The first settlement in the area now known as Jackson was called Republicville. Early settlers traveling to the area had to secure "passports" to travel through Creek territory. In 1815, the Pine Level Land Company laid out a town that was originally dubbed Pine Level. The town was renamed Jackson on July 3, 1816, to honor Andrew Jackson for his role in the Creek War of 1813-14, which opened up the area to settlers. Some sources say that the town was incorporated in November 1816, while others cite the date as December 1822. A public auction of lots was held the first three days of July in 1817.
Because of its location on the Tombigbee River, Jackson was a thriving port and a manufacturing center in its early days. Businesses included tanneries, sawmills, grist mills, and dry goods manufacturers of such items as hats, saddles, and clothing. After a brief boom, the town languished, averaging only about 100 inhabitants during its early decades. During the Civil War, Confederate troops built Fort Carney on the Tombigbee River on Carney's Bluff, just outside of Jackson. The town's first weekly newspaper, the South Alabamian, was founded in 1887. After the coming of the railroad in 1888 (running from Jackson to Marion Junction), Jackson experienced a real estate boom in the late 1890s. Street lamps were first installed in 1900, and a number of businesses opened downtown. The first bank, First National of Jackson, opened in 1901.
The first school, an agricultural school, opened in the 1890s, as did the first school for African Americans. The agricultural school developed into the town's first "graded" school in 1909. A telephone system was installed in the early 1900s; it was bought by Southern Bell Telephone and Telegraph in 1906. The town began supplying water to multiple homes in the 1920s through wells dug by the city; today, its water supply comes from the Tombigbee River. A power-generating plant was built in 1917; Gulf Electric bought a later incarnation of the plant in 1927, and it then became a part of Alabama Power. Jackson's volunteer fire department also was established in 1927.
A new high school for African Americans was constructed in 1934, and one for whites in 1935. After integration of the schools in the 1960s, the African American high school became the middle school. The current high school, Jackson High, was built in 1982.
Jackson was the site of a World War II prisoner of war camp, which was built in 1943 and began housing Axis prisoners that same year. At its peak, it held about 200 prisoners. The camp was dismantled after the war ended in 1945; all that remains of it today are a few concrete slabs on which some of the camp buildings were constructed.
Jackson’s population at the time of the 2010 Census was 5,228. Of that number, 54.9 percent identified themselves as white, 42.9 percent as African American, 1.4 percent as Hispanic, 0.8 percent as two or more races, 0.7 percent as Native American, and 0.4 percent as Asian. The city's median household income was $32,914, and per capita income was $21,822.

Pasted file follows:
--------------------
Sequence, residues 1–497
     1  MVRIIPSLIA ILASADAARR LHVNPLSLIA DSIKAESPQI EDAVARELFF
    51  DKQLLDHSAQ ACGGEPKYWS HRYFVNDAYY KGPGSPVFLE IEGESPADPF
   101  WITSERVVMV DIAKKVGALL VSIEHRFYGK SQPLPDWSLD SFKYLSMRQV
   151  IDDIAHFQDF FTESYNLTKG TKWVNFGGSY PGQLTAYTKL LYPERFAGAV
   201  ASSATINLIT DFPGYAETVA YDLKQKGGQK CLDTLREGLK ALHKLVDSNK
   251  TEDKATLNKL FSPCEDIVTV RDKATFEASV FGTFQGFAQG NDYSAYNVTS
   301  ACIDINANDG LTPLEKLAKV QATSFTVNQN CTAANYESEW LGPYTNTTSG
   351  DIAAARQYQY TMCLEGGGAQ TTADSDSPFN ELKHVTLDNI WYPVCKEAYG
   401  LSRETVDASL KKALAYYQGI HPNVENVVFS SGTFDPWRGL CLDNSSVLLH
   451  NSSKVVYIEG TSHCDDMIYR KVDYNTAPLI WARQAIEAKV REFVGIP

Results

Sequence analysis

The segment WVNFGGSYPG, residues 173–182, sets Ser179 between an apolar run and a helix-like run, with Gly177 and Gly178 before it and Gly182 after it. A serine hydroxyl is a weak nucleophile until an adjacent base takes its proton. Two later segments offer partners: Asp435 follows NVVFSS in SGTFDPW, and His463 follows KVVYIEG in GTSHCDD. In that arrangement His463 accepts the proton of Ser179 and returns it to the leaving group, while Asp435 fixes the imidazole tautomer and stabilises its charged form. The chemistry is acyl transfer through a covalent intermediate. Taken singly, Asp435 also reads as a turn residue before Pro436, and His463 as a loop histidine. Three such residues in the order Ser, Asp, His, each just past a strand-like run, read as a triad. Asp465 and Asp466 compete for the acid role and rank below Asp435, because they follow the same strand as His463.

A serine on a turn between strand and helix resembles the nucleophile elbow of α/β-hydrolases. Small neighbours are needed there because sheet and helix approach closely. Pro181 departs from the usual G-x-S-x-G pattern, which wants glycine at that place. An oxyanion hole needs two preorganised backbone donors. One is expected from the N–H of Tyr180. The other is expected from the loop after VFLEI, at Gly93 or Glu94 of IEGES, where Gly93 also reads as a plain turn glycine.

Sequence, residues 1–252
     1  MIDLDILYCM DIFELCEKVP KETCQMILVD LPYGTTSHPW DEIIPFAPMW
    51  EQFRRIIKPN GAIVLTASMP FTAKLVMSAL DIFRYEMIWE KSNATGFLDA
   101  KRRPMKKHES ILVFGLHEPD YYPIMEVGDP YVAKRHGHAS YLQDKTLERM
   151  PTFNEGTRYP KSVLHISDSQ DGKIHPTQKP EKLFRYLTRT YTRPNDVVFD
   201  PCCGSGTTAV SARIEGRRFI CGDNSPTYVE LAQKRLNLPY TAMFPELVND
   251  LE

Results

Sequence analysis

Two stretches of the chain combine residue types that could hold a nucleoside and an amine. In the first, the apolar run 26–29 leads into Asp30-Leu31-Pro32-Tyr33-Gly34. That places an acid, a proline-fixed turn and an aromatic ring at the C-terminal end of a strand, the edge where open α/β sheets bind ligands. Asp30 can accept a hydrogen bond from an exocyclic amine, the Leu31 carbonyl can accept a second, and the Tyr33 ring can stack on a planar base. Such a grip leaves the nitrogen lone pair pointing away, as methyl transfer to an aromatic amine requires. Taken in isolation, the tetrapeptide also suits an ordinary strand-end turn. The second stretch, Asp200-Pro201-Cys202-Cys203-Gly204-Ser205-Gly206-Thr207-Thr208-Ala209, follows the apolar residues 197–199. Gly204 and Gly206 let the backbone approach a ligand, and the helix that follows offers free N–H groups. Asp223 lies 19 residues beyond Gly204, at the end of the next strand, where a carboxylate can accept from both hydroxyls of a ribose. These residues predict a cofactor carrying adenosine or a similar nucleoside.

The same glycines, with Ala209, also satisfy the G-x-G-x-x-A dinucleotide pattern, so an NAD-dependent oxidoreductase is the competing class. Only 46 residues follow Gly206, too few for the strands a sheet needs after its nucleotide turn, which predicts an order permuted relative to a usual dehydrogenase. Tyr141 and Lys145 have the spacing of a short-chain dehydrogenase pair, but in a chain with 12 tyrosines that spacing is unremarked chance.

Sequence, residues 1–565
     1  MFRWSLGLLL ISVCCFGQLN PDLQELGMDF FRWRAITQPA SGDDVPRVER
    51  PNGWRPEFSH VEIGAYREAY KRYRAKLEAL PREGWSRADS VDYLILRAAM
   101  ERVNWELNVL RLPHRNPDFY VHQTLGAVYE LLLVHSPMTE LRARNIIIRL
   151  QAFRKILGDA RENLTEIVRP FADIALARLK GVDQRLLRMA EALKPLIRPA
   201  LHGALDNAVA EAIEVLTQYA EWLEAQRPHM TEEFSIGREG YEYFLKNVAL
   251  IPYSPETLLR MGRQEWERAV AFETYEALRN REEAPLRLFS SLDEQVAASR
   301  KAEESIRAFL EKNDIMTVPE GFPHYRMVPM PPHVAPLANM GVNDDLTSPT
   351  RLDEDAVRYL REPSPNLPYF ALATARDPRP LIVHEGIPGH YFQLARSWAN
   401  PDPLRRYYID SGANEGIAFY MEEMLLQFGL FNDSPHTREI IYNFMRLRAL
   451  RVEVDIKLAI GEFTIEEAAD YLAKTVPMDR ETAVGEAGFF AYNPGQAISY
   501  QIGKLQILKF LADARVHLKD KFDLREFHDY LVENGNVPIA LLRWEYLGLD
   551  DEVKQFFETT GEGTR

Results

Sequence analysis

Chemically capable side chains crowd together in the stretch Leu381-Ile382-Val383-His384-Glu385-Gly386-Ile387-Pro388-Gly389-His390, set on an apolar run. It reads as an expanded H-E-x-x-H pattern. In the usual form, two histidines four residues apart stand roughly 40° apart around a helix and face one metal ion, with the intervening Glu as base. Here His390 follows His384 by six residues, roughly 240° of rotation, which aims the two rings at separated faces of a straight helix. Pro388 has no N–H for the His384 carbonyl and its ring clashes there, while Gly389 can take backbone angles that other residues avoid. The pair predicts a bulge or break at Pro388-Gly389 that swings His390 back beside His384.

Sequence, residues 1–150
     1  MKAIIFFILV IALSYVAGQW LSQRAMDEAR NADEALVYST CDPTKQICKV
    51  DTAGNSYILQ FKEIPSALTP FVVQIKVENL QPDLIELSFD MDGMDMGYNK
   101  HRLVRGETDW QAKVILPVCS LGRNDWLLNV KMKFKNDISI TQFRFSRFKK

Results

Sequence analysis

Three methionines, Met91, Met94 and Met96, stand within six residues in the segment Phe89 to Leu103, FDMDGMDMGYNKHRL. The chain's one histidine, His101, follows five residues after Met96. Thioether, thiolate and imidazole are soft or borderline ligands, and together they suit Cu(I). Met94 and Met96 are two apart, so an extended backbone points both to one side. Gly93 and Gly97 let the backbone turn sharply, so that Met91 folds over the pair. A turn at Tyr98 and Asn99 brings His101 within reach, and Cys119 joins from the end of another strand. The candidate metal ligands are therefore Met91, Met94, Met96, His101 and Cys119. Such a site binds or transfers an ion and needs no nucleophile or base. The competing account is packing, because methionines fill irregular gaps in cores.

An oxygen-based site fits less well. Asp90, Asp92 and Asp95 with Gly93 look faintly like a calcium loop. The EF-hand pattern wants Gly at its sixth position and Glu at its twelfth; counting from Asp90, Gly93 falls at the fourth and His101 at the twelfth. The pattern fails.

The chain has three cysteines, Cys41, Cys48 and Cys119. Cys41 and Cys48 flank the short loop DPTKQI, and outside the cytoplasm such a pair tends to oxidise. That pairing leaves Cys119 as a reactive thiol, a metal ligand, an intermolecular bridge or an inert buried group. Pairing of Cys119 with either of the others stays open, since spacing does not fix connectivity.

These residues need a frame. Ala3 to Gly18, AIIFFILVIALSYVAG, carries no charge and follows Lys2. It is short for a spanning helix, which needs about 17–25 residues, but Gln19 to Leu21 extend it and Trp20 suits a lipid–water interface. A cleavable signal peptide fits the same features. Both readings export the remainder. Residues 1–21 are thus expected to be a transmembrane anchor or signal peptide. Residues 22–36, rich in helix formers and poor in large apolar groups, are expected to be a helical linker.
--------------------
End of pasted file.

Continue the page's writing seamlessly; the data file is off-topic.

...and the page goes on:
The workforce in present-day Jackson is divided among the following occupational categories:
· Manufacturing (24.6 percent)
· Educational services, and health care and social assistance (11.7 percent)
· Retail trade (11.3 percent)
· Construction (9.7 percent)
· Transportation and warehousing and utilities (9.0 percent)
· Finance, insurance, and real estate, rental, and leasing (8.6 percent)
· Professional, scientific, management, and administrative and waste management services (6.8 percent)
· Arts, entertainment, recreation, and accommodation and food services (6.1 percent)
· Other services, except public administration (4.7 percent)
· Public administration (4.3 percent)
· Wholesale trade (1.2 percent)
· Agriculture, forestry, fishing and hunting, and extractive (1.2 percent)
· Information (0.8 percent)
Schools in Jackson are part of the Clarke County School District; the city has approximately 1,964 students and 123 teachers in elementary, intermediate, middle, and high schools.
Jackson is intersected by State Highway 177, which loops through the city before rejoining U.S. Highway 43 (north-south). Jackson Municipal Airport is located south of the city and has one runway, serving general aviation.
Events and Places of Interest
The city hosts an annual Fall Festival in November, an event that has taken place since 1983. The festival often features antique automobile competitions, live music, food vendors, a chili cook-off, and children's activities.
The Clarke Mills building in Jackson is listed on the National Register of Historic Places.
Parks in Jackson include the H.W. Pearce Jr. Memorial Park, which features a nine-hole golf course, a swimming pool, basketball
and volleyball courts, picnic grounds, play areas, and a community center. The city also has a second municipal pool and a
recreation center. The 5,500-acre Fred T. Stimpson Wildlife Sanctuary is located 12 miles south of the city, and the Upper
State Game Sanctuary is five miles to the north.
Clarke County Historical Society. Historical Sketches of Clarke County: A Story of the Communities of Clarke County, Alabama. Huntsville, Ala.: Strode Publishers, 1977.
The Heritage of Clarke County, Alabama. Clanton, Ala.: Heritage Publishing Consultants, 2001.
James P. Kaetz
Published February 1, 2011
Last updated July 13, 2012